Switzerland’s long-standing tradition of soldiers keeping their rifles at home looks set to continue – at least for the time being.This content was published on May 15, 2004 - 13:54
Despite the use of an army-issue rifle in a massacre in a local Swiss parliament in 2001, the defence ministry says it will maintain the practice.
“Everybody who has served in the army is allowed to keep their personal weapon, even after the end of their military service,” the defence ministry said in a statement.
The ministry reiterated its position after it was revealed that the government is planning to impose restrictions on the type of weapon allowed to be stored at home.
About 500,000 Swiss keep a rifle at home, mainly because the militia system requires men over 20 to be ready for military service.
Soldiers who have been demobilised have the right to keep their rifles for annual summer shooting practices held in nearly every Swiss town and village.
“Up until the late 19th and early 20th century, soldiers were obliged to keep their own equipment and their own weapons at home,” Peter Hug, a historian at Bern University, told swissinfo.
This obligation often caused dire financial straits within a family as the soldiers had to pay for their own equipment. “People in rural areas were often hit especially hard,” said Hug.
According to Hug, during the early 18th century every man who wanted to get married had to have a uniform and a weapon in order to get permission to tie the knot.
“But when protectionism arrived in the 1880s the government earned so much money from customs duty that it could afford to pay for soldiers’ weapons,” he said.
From that time on Swiss soldiers no longer had to pay for their rifles; however, they were obliged to maintain and look after them. Even today soldiers have to replace everything that is lost or broken.
“If someone lost their rifle they would get in trouble with the law,” added Hug.
Even though the government decided to pay for the rifles there was still some confusion over what to do about ammunition.
“In 1891 the federal authorities decided to hand out so-called ‘pocket ammunition’. This enabled the infantry to respond immediately in case of an attack,” said Hug.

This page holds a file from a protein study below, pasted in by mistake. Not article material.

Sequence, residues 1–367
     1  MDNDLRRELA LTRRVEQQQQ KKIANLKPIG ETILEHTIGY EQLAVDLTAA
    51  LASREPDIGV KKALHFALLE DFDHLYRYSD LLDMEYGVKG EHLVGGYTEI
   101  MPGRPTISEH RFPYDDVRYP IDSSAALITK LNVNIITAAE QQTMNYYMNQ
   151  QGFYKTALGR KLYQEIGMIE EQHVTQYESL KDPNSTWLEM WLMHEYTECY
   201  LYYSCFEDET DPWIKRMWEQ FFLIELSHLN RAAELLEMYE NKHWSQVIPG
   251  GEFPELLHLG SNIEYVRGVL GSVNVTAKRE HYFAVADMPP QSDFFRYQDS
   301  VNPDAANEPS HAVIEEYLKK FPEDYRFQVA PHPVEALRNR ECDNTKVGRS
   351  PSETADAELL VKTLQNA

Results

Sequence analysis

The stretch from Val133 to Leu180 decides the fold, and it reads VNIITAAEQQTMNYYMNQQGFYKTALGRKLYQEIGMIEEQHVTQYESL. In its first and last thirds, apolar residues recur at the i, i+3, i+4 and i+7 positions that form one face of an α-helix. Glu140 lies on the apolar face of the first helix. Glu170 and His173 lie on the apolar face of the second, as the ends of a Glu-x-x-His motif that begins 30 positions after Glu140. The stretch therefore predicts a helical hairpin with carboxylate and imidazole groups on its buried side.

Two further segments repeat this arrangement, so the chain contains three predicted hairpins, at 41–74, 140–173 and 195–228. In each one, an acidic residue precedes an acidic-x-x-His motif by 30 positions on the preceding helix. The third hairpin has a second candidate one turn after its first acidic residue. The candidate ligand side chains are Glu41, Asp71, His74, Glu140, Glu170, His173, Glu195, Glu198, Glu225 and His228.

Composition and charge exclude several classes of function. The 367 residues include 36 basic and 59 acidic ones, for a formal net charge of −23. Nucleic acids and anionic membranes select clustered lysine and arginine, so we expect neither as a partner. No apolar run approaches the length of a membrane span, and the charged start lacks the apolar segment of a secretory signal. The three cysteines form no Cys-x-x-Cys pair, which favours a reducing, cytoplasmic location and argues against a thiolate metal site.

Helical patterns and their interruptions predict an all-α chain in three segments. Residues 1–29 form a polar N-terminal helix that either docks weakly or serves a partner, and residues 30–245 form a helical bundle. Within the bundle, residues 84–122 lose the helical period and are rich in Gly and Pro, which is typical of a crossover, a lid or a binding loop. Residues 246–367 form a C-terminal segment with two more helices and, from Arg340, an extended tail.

The government thought that some soldiers would see action before the army was fully mobilised, which normally took three days.
The country’s shooting clubs, which were heavily subsidised by the defence ministry, also played a key role in ensuring soldiers kept their rifles at home.
But this old tradition has come under fire from critics who say that weapons and ammunition could be misused.
Supporters disagree, arguing that individual cases of misuse are an exception and that far more people are killed on the roads than by an army-issue rifle.
But opponents do not share this view. “I am always worried we could have a tragedy where a madman runs amok and shoots 20 people in Zurich,” said Martin Kilias, a Lausanne-based criminologist.
This fear became a reality in September 2001 when a gunman killed 14 politicians in the local parliament in Zug. The 57-year-old was carrying a Swiss army weapon.
Despite the Zug incident, which resulted in tighter security at public buildings in Switzerland, the military refuses to budge on the issue.
However, Hug thinks public pressure could actually make this symbol of national identity disappear in the next ten years.
swissinfo, Urs Maurer
The Swiss Army:
120,000 full-time soldiers
20,000 on initial training
Defence minister Samuel Schmid wrote to the cantons in March, telling them that soldiers would not be allowed to take the new standard-issue rifle home from the beginning of next year.
Soldiers owning the old standard-issue rifle will be allowed to keep them under certain conditions.
They will have to register with the local authority and undergo training.
Last year the former justice minister, Ruth Metzler, called for all firearms to be centrally registered.
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